Priceville, other neighbor cities do well; job growth suspected
By Eric Fleischauer
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Huntsville is the engine driving population growth in North Alabama, but Decatur is struggling to get out of neutral.
That's the indication from U.S. Census Bureau figures issued Wednesday and published by the State Data Center at The University of Alabama.
Between 2000 and 2006, Decatur was 152nd out of 456 Alabama cities in population growth, according to Census Bureau figures.
Decatur grew 3.1 percent during the six years, compared to statewide growth of 3.4 percent.
Other area municipalities fared better.
Priceville, at 45 percent, was the seventh fastest growing municipality in the state. Athens was 34th with 15.5 percent growth over six years. Hartselle, ranked No. 62, grew 9.4 percent.
Definite conclusions require more than raw census data, said one economist, but Decatur's minimal growth could be a reflection of a stagnating economy.
"In Decatur there are a lot of residents employed in the industries of Morgan County," said Jeff S. Thompson, senior business adviser with the Office for Economic Development at The University of Alabama in Huntsville, who recently has done consulting work for the Morgan County Economic Development Association.
"The population is based on where people live, not where they work," Thompson continued. "If jobs are added, the population is going to go up. If jobs aren't added, the population will be stagnant."
That is, Decatur residents tend to work in Decatur, not Huntsville. If Decatur's population is not changing, then — unlike Huntsville — Decatur probably is not seeing job growth.
Priceville, on the other hand, with a higher percentage of residents working in Huntsville, can see population growth even in the absence of job growth.
Annette Jones Watters, manager of the State Data Center, also suspected a correlation between population changes and job growth.
The fast-growing cities, Watters said, "are stealing from other places. The supply will go to where the demand is. If you are offering good jobs at high wages, people are going to come from other places to take those jobs."
Cause for concern
They do not appear to be coming to Decatur, and that could be cause for concern.
"There are some bright spots in the data," Thompson said. "There are some areas that I would have hoped to see doing better, Decatur being one of those. Given the robustness of the Alabama economy and the national economy, we would hope that the next six years will bring a higher rate of population growth for Decatur."
Dramatic percentage changes in cities with small populations are not always significant, Thomson said, but Decatur is big enough that its minimal growth deserves attention.
"When you've got a (population) leader like Decatur that is relatively flat — half a percent per year on average — then growth that is happening in other Morgan County (municipalities) is probably being spurred by things that are happening outside the city limits of Decatur," Thompson said.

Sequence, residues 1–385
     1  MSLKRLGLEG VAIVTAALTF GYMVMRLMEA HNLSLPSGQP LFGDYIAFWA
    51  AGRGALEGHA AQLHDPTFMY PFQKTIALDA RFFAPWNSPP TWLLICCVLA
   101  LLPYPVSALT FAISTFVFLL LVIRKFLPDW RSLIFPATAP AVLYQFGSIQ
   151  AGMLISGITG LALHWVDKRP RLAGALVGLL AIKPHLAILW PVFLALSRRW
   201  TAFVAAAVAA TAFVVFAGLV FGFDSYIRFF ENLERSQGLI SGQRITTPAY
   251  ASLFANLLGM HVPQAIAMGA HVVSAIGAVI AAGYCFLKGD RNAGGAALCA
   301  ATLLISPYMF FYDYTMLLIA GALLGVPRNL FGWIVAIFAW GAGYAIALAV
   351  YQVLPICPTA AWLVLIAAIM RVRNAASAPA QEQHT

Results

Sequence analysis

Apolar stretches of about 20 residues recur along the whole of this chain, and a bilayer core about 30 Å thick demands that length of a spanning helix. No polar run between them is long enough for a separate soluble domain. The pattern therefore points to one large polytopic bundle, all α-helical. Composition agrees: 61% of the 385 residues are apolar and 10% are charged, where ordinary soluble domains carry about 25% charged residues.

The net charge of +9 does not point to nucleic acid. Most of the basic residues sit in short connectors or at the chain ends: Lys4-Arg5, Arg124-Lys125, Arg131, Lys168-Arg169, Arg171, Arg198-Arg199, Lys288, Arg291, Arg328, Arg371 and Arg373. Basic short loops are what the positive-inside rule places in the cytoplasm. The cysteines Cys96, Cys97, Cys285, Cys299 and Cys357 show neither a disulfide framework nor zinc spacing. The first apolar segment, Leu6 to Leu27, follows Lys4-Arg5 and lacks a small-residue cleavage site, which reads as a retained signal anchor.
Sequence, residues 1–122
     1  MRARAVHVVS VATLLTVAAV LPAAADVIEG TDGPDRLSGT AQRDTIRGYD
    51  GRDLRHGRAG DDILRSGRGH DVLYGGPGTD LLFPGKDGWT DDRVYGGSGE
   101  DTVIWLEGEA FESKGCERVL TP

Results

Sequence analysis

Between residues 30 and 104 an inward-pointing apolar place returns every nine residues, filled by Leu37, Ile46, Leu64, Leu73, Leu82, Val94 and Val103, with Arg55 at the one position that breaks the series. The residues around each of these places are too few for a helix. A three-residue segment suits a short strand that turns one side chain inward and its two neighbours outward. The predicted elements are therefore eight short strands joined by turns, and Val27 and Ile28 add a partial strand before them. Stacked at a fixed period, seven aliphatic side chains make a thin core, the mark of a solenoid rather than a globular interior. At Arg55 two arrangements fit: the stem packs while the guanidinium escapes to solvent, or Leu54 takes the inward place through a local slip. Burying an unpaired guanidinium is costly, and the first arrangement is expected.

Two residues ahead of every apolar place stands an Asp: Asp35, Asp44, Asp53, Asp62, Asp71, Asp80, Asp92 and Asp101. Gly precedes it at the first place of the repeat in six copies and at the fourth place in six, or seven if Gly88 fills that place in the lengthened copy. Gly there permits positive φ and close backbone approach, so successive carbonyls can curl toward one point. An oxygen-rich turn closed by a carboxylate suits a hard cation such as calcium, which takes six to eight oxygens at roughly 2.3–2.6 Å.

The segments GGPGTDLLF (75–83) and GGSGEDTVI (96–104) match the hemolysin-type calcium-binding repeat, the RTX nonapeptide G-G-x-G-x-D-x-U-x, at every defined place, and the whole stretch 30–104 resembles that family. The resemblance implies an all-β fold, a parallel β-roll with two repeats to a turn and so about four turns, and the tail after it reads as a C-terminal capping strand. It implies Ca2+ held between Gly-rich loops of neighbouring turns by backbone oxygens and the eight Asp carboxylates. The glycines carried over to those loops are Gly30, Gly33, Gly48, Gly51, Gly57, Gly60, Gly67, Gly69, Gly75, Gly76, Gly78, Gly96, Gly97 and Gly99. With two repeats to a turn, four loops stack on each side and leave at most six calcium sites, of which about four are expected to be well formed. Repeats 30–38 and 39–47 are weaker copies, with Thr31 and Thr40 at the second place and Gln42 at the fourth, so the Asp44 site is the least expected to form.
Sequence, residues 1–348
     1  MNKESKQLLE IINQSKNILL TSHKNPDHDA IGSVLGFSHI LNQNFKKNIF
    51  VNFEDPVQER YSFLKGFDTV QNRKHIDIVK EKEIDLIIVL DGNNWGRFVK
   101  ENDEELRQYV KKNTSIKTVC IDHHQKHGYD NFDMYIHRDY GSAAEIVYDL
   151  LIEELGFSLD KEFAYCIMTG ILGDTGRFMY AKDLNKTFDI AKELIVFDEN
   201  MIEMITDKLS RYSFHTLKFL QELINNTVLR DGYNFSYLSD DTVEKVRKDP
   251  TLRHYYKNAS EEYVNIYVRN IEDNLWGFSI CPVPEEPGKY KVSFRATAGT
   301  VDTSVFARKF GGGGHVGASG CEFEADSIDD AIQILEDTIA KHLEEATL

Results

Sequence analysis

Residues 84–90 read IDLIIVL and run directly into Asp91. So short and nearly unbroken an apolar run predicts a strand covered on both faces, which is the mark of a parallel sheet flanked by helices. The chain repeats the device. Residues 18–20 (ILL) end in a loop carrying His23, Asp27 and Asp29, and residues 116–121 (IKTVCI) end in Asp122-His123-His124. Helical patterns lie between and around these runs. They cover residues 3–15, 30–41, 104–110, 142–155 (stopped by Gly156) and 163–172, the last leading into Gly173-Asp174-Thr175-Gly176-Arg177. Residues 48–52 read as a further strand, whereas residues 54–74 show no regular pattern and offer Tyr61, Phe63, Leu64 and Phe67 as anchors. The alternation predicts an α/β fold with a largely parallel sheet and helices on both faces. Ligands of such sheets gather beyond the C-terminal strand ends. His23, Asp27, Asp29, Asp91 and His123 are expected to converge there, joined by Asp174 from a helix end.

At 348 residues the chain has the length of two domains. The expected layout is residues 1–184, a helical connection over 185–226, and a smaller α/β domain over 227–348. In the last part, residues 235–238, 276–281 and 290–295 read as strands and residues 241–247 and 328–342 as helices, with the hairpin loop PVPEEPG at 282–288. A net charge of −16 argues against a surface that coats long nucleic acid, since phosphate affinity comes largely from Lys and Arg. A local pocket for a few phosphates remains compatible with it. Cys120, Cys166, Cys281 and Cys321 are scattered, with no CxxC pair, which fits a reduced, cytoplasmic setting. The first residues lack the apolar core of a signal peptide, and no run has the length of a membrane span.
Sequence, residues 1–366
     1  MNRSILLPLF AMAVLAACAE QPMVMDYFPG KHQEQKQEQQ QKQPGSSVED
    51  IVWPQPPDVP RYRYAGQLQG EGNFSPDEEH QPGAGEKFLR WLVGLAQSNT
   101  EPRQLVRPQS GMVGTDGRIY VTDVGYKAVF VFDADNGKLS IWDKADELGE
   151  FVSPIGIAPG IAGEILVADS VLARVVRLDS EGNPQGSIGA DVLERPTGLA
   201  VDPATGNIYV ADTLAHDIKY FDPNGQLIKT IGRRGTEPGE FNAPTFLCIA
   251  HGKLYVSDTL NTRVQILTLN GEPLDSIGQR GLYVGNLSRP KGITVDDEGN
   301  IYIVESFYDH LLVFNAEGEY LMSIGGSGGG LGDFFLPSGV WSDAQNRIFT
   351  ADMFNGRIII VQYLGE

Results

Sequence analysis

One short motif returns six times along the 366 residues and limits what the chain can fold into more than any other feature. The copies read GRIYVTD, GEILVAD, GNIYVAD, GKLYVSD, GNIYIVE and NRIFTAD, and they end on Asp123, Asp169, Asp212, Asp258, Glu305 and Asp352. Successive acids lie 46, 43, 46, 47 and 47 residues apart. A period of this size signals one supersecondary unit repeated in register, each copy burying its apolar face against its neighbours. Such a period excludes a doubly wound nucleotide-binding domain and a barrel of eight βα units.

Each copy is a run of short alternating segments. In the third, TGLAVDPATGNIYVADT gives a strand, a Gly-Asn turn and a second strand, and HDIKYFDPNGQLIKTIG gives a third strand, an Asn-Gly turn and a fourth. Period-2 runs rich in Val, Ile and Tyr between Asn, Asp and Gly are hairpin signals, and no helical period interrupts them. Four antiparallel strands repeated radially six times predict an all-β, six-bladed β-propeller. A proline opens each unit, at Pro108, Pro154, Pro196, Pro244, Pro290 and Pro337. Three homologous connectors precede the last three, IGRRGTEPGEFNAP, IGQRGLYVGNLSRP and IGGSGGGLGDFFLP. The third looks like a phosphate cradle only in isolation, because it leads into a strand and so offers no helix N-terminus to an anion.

Moulton grew 0.1 percent since 2000, ranking it 217th in the state. Courtland's population shrank by 1 percent and had a rank of 265. Trinity gained only 139 residents, but that translated to an 8 percent increase.
Huntsville grew at 5.5 percent over six years, 112th in the state. By number of people, though, it grew more than any city in the state.
Many cities around Huntsville grew quickly, apparently serving as bedroom communities for Huntsville's exploding work force.
Madison, for example, grew 25.9 percent (ranked 23), with Owens Cross Roads jumping 22.4 percent. Madison also had the third-largest total influx of residents in the state.
Thompson said the new data has particular significance in comparing various communities because it represents a full business cycle, from peak to valley to peak.
"It's probably representative of what's going on in the communities," Thompson said.
Thompson cautioned that the data has shortcomings.
First, he said, it shows population changes only within municipalities. There may be considerable growth in areas outside municipalities, particularly around Huntsville.
East Limestone County likely is an example. It has experienced explosive growth, largely from residents who commute to Huntsville, but its unincorporated areas do not show up in the population figures.
Thompson also cautioned that the Census figures are merely estimates, with the next physical tally to take place in 2010.
"Probably really good estimates," Thompson said, "but they are just estimates."
Watters said she does not see the fact that Decatur population growth is trailing the state's growth as significant.
"I would not stress about that," Watters said.
"I think 3.1 percent growth is a very nice number. It shows healthy growth. Huntsville's (higher) growth sometimes puts stresses on the infrastructure there."
Calera leads growth
At 161 percent, Calera — south of Birmingham — was the fastest growing city in the state. Birmingham was near the bottom, though, losing 5.4 percent of its population since 2000. Like Calera, Pelham — which grew 39.8 percent — seemed to benefit from a Birmingham residential exodus.
The same pattern seemed evident around Mobile, which lost 3.2 percent of its population while nearby Fairhope grew 28.5 percent.
The top four cities in the state are, in order, Birmingham, Montgomery, Mobile and Huntsville.
The Census estimates showed population changes from April 1, 2000, through July 1, 2006.
Rank City/town Percent increase
7 Priceville 45%
23 Madison 25.9%
34 Athens 15.5%
62 Hartselle 9.4%
74 Trinity 8.0%
112 Huntsville 5.5%
152 Decatur 3.1%
217 Moulton 0.1%
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